Life cycle inventory of fairway channels

This report considers activities associated with fairways from an environmental perspective. The specific aim of this study is to quantify life cycle inventory (LCI) data on construction, operation and maintenance of fairway channels.


Well-maintained fairway channels are necessities for a functioning marine transport system. In this report environmental aspects of construction and operation of fairway channels are described and analysed. Life cycle inventory data on energy use during dredging, maintenance of navigational aids, pilotage and ice breaking are presented. Impacts on the marine environment have not been included in the study. All data have been acquired from the Swedish Maritime Administration and the Port of Gothenburg.

The study is part of a greater project covering environmental life cycle aspects of a larger part of the transport infrastructure system, including ports. The data have therefore been modelled to fit in a life cycle assessment model, developed for the same project.

The aim is to present generic data for Swedish fairway channels. However, port specifics can cause large variations in the need for the fairway channel maintenance, piloting and ice breaking. Care should be taken before applying and using the presented data in a wider context. All the activities described in this report are for this reason accompanied with a brief recommendation on further use. For use in LCA models with wider scopes, it is recommended that impacts from pilotage and ice breaking are related to models on ship operations, and that dredging, and maintenance of navigational aids are related to models on ports. A summary of the most important emissions to air from fairway activities are presented in the Table below. The results for Sweden are summarised both as a total including all activities in the inventory, and with pilotage and ice breaking subtracted. The latter values are intended for further use in LCA models on ports.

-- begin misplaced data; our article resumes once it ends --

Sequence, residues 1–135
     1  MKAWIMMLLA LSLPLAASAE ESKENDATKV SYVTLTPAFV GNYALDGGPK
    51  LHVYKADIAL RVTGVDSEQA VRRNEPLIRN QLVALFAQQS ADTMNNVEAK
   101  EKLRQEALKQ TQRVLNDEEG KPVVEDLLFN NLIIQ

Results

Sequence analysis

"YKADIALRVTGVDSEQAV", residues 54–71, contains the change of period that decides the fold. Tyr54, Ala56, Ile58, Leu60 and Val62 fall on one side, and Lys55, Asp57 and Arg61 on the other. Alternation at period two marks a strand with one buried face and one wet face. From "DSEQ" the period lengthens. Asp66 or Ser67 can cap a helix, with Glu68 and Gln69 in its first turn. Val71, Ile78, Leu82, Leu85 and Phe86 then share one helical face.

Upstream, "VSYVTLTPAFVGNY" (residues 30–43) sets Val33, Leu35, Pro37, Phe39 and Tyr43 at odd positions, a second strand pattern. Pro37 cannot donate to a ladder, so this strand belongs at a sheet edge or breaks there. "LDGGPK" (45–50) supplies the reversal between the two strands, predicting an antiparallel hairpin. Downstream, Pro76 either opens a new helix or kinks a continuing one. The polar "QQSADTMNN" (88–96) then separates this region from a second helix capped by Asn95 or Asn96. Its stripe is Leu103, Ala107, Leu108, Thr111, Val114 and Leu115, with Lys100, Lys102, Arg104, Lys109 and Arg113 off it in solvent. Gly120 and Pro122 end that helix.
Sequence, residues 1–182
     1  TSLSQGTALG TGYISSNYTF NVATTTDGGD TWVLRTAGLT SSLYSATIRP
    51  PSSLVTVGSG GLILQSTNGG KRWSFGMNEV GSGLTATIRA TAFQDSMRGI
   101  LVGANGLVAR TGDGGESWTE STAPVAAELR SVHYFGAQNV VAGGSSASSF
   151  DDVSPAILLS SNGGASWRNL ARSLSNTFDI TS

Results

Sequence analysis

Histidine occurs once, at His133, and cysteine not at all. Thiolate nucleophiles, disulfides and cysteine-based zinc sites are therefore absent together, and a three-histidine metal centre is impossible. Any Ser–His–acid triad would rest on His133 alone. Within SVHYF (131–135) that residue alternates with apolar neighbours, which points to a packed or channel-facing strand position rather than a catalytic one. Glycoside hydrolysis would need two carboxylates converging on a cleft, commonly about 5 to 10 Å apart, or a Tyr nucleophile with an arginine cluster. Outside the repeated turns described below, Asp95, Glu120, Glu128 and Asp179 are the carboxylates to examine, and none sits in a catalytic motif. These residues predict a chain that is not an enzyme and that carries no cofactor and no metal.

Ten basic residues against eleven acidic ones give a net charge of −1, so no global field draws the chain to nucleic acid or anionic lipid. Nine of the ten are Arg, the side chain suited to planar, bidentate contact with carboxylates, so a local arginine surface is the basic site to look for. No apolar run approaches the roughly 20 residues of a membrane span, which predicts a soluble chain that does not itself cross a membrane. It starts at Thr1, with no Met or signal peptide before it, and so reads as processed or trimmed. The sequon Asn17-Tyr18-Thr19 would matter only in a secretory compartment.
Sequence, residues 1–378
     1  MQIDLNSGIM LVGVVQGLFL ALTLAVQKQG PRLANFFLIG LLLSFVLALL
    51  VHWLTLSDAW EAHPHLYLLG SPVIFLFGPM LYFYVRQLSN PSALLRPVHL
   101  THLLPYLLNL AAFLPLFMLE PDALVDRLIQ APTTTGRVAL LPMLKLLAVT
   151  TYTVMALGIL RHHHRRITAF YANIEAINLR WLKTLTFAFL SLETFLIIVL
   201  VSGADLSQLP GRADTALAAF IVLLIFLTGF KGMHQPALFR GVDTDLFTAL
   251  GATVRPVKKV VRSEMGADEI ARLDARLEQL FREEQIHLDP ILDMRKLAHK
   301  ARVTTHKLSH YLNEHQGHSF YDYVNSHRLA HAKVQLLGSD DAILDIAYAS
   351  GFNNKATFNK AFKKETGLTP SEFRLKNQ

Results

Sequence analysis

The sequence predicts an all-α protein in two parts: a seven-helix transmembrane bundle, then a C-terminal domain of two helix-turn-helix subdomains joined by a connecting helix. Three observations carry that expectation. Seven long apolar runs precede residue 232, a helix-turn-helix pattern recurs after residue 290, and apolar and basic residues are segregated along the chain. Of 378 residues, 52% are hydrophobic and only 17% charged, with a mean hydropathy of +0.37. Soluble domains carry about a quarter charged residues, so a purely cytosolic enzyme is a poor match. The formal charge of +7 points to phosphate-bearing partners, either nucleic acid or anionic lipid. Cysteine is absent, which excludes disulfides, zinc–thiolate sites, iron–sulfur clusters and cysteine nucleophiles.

The results show that the main contributing activity to energy use and CO2 emissions from a national perspective is dredging. For a single port, other activities may have greater influence. In the case study of Gothenburg, pilots contributed the most to CO2 emission. However, the impacts from infrastructure activities in the fairway channel are minor in relation to the impacts from a transport chain as a whole.

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